1. Review any safety rules for your kitchen workshop. Divide the children into two groups based on something visible, like colors they are wearing. The first group will be the "Abinadab" group; the second will be the "David" group. Try not to call attention to sensitive subjects like wearing braces or having glasses when organizing the groups. Explain that these visible differences are examples of what God meant when Samuel explained "mortals look on the outward appearance."
  2. Say: “Today, we are going to see how making brownies can help us understand what God meant when God told Samuel "for the Lord does not see as mortals see; they look on the outward appearance, but the Lord looks on the heart."
  3. After the children are divided, move them to the cooking stations and help them get busy with the mixes. If you provide aprons or long t-shirts to protect clothing, now is the time to put them on! Younger children may require more help with cracking eggs and measuring ingredients. When both groups are ready to pour their mixes into the pans, have each group show their batter to the entire group. Say: “Can anyone see any differences in the two mixes?” Most likely, the difference will not be evident. Acknowledge any comments and tell them that we will see if what happens when the brownies are baked.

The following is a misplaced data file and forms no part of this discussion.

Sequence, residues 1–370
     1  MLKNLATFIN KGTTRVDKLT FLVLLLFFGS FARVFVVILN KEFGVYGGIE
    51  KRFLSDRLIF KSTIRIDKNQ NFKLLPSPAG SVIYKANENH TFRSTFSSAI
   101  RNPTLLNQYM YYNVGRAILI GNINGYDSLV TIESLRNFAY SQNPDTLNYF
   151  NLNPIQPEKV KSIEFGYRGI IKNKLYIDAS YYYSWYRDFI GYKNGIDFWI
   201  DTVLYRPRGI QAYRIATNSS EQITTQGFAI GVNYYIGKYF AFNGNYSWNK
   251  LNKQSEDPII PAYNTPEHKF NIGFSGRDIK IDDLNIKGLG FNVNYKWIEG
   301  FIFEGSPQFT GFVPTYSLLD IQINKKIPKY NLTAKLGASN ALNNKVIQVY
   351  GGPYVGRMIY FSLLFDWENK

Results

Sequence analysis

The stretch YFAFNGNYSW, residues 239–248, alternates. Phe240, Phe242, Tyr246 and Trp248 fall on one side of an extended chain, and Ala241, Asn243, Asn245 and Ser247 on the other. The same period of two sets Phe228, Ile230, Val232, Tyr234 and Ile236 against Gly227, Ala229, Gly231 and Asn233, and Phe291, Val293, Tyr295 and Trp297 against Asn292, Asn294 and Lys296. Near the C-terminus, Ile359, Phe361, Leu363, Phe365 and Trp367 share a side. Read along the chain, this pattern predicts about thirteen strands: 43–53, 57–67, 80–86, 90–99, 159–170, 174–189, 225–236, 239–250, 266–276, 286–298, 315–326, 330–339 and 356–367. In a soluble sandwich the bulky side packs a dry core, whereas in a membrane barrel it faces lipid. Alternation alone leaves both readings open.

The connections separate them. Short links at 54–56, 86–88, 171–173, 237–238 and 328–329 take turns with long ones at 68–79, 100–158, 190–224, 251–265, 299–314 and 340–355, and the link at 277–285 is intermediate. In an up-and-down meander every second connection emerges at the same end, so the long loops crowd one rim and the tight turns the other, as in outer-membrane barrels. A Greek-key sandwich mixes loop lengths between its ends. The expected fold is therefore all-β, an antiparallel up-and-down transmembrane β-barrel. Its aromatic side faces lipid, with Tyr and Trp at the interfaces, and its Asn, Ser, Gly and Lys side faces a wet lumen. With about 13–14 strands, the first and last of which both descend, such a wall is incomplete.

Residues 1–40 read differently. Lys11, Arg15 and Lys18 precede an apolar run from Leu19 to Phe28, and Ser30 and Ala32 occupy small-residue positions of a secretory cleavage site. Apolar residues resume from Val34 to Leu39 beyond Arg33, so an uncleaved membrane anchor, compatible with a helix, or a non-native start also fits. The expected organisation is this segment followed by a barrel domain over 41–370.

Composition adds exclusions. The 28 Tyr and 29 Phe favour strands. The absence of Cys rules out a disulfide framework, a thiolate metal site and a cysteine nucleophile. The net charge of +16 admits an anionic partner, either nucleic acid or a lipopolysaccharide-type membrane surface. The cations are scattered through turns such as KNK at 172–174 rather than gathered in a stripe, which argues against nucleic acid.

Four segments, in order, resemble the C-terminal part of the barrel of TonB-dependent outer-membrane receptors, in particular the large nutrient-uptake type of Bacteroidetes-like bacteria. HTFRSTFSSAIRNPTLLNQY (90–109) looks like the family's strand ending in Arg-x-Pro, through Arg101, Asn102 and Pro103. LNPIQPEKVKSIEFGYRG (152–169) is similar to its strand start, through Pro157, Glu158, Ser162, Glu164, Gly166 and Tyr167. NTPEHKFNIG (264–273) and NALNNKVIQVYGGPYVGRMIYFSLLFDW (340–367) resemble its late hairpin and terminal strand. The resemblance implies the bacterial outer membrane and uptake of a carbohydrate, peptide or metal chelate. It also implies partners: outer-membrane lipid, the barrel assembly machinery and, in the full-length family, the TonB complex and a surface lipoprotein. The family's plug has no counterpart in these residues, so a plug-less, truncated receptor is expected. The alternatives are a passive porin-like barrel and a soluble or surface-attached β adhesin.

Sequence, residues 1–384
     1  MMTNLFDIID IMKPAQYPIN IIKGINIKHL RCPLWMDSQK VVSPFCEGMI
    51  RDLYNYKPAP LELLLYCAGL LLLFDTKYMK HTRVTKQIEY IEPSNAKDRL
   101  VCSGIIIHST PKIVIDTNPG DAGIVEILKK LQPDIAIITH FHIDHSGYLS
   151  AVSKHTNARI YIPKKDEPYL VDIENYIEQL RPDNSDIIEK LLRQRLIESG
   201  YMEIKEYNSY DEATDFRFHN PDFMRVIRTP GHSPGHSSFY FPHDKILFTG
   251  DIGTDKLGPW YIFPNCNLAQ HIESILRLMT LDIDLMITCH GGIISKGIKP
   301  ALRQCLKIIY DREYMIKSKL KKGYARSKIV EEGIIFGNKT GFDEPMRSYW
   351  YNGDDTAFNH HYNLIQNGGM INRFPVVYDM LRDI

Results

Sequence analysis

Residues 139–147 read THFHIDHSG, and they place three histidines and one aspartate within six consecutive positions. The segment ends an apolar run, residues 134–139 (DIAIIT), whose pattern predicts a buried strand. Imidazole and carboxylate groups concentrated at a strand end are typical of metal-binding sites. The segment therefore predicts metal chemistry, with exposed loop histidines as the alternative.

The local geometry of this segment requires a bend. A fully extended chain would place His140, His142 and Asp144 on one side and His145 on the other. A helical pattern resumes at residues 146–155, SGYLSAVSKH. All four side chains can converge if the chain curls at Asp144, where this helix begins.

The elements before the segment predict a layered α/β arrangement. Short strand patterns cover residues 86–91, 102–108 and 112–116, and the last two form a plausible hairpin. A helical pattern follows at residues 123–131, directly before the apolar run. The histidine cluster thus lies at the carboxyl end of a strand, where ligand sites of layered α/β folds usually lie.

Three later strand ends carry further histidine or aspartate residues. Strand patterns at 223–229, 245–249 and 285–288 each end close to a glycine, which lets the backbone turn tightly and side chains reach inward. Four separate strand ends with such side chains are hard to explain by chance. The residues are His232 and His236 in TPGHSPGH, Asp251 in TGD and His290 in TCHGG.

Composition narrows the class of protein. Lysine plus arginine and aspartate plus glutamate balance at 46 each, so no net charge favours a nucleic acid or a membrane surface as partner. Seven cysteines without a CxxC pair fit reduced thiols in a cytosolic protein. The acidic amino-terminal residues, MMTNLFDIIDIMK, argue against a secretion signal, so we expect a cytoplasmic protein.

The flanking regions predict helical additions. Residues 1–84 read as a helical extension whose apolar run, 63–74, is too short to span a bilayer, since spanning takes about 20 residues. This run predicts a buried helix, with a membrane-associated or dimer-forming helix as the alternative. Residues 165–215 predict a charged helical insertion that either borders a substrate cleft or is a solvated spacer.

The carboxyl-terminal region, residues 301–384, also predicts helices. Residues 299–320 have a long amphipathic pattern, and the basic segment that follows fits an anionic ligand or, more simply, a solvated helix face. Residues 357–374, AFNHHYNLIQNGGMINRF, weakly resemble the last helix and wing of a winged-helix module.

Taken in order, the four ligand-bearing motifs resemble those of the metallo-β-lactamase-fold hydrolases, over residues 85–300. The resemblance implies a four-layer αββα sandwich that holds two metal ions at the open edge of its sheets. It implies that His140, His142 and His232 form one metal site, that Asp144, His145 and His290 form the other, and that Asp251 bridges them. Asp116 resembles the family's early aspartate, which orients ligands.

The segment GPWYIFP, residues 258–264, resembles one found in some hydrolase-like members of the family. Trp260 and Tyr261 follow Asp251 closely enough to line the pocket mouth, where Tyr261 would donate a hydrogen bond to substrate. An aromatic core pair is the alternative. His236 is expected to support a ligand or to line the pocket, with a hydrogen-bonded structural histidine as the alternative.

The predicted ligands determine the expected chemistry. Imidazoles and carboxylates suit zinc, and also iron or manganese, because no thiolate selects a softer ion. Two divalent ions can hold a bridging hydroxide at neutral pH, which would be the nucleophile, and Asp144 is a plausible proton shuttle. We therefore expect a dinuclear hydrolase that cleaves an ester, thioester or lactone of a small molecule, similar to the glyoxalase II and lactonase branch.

4. Proceed with baking the mixes, either setting the timers or making note of the time.
  5. While waiting for the brownies to bake, move to the discussion area and hand out Bible storybooks. Have the children turn to page 138 and look at the picture. Have them state what they learn about David from the picture.
  6. Read the first column through the paragraph that begins “There was great excitement” and stop before that paragraph. State that there was good reason for Samuel to be afraid of Saul because prior to today’s story, (in chapter 15 verse 28 of 1 Samuel) Samuel had said to King Saul, “ The Lord has torn the kingdom of Israel from you today and has given it to one of your neighbors – to one better than you.” Discuss how that would make a king feel.
  7.  Ask, “Why do you think God told Samuel to invite Jesse’s family?” They will probably say, “so David would be there.” Point out that the members of David’s family were witnesses to the anointing and would still keep it quiet.
  8. Read the next paragraph in the story and discuss how the family may have felt when invited to the feast, then when they found out the reason Samuel was there. Ask, “Which son do you think that the family thought Samuel would choose?” Accept any answer but ask reasons for that choice.
  9. Read the next paragraph and talk about how the family felt when one after another of the sons was not chosen.
  10. Read the rest of the story and talk about how the family felt about David’s being chosen. Ask, “How do you think David felt?”